The intestine of animals is colonized by a large number of commensal microorganisms that contribute to many host physiological processes. An important role of the intestinal microbiota is to protect the host against colonization and invasio by pathogens that often enter the intestinal tract. However, the interaction between the microbiota and the host immune system that mediates protection against enteric pathogens remains poorly understood. Furthermore, the mechanisms that enteric pathogens employ to overcome the presence of the microbiota remain poorly understood. We find that the commensal microbiota is critical for the elimination of Citrobacter rodentium, an enteric mouse pathogen that models human infection by diarrheagenic enterohemorrhagic (EHEC) and enteropathogenic (EPEC) Escherichia coli. EHEC and EPEC are important causes of watery diarrhea and mortality worldwide. These Gram-negative bacteria are food- and waterborne non-invasive pathogens which attach to and colonize the intestinal tract by inducing characteristic attaching- and-effacing (A/E) lesions on the intestinal epithelium, leading to transient enteritis r colitis in humans. The genome of EPEC and EPEC and related pathogens harbor the locus for enterocyte effacement (LEE) which is critical for bacterial colonization and the ability to cause pathology. LEE virulence factors are controlled by Ler, a transcription factor that acts as a globa regulator of LEE virulence genes. <p/>We plan in this proposal to use the Citrobacter rodentium model to test several hypotheses raised by our Preliminary Results. The goal of this proposal is to gain a better understanding of the interactions among the pathogen, the host immune system and the indigenous microbiota that are critical in controlling the colonization and eradication of enteric pathogens. In addition, we propose to develop novel therapeutic strategies to treat C. rodentium-induced colitis based on the ability of the indigenous microbiota to outcompete the pathogen with reduced Ler-mediated virulence. Given that A/E pathogens are a major cause of death and morbidity in human populations, this proposal is expected to have a significant and broad impact in the medical field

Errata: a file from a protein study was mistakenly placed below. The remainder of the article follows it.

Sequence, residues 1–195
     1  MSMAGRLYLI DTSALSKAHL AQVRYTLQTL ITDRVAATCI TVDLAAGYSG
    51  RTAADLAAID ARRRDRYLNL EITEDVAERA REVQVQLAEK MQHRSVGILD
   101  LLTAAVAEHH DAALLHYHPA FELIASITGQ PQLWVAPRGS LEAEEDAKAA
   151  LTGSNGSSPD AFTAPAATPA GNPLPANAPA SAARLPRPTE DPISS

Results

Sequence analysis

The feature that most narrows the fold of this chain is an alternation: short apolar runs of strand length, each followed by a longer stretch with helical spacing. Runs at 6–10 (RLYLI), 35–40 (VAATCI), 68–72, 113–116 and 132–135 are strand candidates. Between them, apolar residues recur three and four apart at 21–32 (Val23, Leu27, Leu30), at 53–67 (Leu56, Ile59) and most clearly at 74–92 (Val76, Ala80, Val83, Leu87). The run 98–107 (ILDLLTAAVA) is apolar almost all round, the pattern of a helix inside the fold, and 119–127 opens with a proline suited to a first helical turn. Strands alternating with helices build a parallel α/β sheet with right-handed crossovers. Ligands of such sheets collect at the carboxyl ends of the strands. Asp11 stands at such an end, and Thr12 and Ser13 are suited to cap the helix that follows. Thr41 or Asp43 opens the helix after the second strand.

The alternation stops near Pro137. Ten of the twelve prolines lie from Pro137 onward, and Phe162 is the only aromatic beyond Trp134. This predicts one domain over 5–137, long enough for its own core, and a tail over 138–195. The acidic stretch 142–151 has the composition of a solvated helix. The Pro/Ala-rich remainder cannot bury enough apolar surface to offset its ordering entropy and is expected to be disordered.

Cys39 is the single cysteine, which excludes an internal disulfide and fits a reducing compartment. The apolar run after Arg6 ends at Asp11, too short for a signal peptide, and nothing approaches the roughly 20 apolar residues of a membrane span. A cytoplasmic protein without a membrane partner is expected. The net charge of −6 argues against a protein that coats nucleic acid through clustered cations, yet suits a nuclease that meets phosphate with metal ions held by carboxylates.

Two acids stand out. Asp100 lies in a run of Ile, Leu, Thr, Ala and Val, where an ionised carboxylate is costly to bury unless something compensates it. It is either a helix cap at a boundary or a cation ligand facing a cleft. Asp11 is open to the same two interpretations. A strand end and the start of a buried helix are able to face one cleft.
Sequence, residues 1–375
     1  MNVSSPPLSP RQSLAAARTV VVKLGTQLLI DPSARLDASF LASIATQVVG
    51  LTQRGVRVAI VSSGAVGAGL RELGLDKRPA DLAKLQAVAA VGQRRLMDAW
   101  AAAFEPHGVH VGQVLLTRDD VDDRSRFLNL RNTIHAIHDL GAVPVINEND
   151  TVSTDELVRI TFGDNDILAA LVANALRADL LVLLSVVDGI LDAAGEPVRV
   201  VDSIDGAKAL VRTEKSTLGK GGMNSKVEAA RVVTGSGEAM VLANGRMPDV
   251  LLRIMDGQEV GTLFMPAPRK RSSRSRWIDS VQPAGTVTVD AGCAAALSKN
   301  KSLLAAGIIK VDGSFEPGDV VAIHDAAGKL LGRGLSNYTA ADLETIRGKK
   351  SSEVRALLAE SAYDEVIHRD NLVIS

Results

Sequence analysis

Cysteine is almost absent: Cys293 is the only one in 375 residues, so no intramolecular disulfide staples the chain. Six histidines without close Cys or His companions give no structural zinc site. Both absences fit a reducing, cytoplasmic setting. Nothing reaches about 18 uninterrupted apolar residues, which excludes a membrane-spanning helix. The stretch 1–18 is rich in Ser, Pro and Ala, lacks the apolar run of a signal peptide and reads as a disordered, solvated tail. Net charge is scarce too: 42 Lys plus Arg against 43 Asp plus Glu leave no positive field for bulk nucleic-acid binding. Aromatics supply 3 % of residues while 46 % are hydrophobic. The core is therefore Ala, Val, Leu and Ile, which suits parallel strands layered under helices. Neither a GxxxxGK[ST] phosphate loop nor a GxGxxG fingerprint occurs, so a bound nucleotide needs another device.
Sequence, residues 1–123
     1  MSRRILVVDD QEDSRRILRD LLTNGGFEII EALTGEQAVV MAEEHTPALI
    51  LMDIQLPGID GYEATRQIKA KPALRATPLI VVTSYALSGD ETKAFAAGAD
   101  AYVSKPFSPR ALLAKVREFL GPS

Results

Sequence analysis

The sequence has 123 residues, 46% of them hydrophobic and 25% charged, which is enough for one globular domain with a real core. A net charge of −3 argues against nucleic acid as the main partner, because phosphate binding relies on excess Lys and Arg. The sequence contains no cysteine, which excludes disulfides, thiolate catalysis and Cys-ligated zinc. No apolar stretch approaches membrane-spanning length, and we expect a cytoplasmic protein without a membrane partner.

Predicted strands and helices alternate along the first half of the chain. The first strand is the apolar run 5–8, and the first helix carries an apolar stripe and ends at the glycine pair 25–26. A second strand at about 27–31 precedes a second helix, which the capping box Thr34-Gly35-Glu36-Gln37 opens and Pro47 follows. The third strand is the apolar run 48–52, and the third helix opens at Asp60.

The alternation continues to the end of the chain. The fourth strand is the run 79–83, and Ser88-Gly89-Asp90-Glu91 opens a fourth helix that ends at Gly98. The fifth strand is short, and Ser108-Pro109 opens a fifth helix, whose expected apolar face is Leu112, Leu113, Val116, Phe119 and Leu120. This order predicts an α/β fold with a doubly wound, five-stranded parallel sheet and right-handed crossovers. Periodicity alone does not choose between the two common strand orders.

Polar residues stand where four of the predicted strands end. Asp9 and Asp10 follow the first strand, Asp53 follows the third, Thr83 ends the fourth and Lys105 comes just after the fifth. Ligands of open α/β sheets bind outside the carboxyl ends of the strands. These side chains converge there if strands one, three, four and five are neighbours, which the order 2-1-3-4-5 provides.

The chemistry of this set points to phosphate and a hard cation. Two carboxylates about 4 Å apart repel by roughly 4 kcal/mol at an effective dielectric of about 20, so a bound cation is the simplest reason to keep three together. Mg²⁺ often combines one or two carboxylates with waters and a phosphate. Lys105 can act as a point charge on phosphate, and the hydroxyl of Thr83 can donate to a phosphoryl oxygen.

PUBLIC HEALTH RELEVANCE: The intestine of animals is colonized by a large number of commensal microorganisms that play an important role in protection against enteric bacterial pathogens, but the mechanisms involved remain poorly understood. The goal of this proposal is to gain a better understanding of the interactions among the enteric pathogen C. rodentium, the host immune system and the intestinal microbiota that regulate the colonization and clearance of the pathogen.